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Watchdog partially clears Manitoba judge caught up in sex scandal Add to ...

The Canadian Judicial Council has partly cleared a Manitoba judge caught up in an embarrassing dispute involving sexually explicit pictures of her on the Internet.

On Wednesday, it threw out a complaint that Court of Queen's Bench Associate Chief Justice Lori Douglas improperly presided over a divorce case, calling the allegation groundless.

However, the council ruled that a separate complaint related to the photographs of Judge Douglas posted online will move to the next stage of the disciplinary process - a full review by a five-judge disciplinary panel.

Judge Douglas's husband, Winnipeg lawyer Jack King, posted the pictures seven years ago. Mr. King maintains that his wife had no idea what he was doing - either his posting the pictures or sending a former client, Alexander Chapman, suggestive e-mails about her.

The CJC said that the five-judge panel "will review the matter and decide if the file should be closed or whether other measures should be taken. This could include: referring the matter to a lawyer for further inquiries; pursuing remedial measures; expressing concern to the judge; referring the case to a public inquiry committee."

The Law Society of Manitoba made inquiries concerning the photos in 2003. Mr. King took a medical leave and returned to his law practice the next year.

Last August, Mr. Chapman went public with allegations that Mr. King had showed him sexually explicit photos of Judge Douglas and tried to persuade him to sleep with her.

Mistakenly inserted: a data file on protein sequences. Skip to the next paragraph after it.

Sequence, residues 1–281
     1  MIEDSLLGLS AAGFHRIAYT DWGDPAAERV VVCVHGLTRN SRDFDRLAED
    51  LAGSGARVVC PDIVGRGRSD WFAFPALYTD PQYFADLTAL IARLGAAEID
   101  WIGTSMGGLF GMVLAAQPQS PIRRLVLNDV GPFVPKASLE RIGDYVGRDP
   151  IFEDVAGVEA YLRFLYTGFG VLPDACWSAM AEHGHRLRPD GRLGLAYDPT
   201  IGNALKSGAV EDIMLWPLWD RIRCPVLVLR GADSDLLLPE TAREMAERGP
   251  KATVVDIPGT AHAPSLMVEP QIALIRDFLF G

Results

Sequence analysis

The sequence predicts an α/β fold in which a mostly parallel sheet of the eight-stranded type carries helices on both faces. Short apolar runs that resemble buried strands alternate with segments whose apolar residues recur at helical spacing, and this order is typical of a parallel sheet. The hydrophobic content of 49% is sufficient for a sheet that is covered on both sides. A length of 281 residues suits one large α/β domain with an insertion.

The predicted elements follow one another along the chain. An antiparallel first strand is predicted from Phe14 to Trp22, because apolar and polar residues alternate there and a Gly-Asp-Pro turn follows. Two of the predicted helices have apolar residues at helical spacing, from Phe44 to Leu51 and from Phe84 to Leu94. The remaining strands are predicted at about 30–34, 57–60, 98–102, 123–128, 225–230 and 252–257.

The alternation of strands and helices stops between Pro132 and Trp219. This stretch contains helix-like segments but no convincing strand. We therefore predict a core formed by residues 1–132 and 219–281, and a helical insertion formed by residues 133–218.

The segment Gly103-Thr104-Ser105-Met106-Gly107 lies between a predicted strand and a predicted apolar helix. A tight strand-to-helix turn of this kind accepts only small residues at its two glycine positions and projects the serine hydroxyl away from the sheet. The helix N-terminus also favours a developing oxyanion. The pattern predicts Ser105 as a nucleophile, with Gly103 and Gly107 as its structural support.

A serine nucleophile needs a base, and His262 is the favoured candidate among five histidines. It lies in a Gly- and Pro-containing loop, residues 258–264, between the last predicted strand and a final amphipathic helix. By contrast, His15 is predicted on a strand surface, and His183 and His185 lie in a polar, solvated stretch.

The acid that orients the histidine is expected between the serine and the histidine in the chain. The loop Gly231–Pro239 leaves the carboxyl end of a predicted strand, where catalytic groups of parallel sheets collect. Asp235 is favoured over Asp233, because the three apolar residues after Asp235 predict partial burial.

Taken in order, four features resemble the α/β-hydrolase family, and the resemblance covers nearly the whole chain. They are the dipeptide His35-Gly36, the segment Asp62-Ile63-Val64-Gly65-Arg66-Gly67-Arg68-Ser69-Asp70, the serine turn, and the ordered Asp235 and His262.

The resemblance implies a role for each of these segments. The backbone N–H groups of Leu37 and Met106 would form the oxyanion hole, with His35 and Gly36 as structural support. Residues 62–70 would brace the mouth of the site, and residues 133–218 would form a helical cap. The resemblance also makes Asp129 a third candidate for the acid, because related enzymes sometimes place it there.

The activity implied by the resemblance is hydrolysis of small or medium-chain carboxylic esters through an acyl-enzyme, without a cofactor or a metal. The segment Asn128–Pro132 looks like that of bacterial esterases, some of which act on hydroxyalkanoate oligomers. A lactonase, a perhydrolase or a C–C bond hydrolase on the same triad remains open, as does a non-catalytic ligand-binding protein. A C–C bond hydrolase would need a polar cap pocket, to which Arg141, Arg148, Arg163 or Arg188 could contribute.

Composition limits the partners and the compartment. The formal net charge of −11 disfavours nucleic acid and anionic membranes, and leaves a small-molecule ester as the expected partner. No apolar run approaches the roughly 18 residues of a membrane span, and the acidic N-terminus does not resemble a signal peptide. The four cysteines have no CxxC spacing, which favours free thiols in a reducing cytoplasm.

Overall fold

Mr. Chapman, a 44-year-old computer programmer, has since been fired from his job at Great-West Life Assurance Co. and has been required to turn his computer and computer files over to the court.

Judge Douglas temporarily stepped down from the Queen's Bench and is working in the court in an administrative capacity.

In the complaint that was thrown out, an unidentified person alleged that Judge Douglas had a personal relationship with the complainant's ex-husband, and that she should therefore not have heard their divorce case.

The CJC said that an initial review of the complaint by a single member of the council "found that there was no evidence to support the allegations, which were based on speculation, hearsay and assumptions."

Disciplinary actions range from ordering a judge to undergo counselling or recommending his or her removal from the bench.

Editor's note: An earlier online version of this story said that Jack King was on medical leave when he posted photographs of Judge Lori Douglas online. This version has been corrected.

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